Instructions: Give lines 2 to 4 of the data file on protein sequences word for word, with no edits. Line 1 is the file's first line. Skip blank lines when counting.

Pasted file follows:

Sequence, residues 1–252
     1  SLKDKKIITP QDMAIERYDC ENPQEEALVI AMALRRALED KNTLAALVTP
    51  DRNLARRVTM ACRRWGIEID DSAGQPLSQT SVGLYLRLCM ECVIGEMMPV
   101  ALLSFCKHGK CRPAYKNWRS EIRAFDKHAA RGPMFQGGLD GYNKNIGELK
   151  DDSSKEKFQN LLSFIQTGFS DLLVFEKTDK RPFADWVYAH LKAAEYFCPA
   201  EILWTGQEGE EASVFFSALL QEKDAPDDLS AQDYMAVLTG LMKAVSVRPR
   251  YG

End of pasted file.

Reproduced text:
     1  SLKDKKIITP QDMAIERYDC ENPQEEALVI AMALRRALED KNTLAALVTP
    51  DRNLARRVTM ACRRWGIEID DSAGQPLSQT SVGLYLRLCM ECVIGEMMPV
   101  ALLSFCKHGK CRPAYKNWRS EIRAFDKHAA RGPMFQGGLD GYNKNIGELK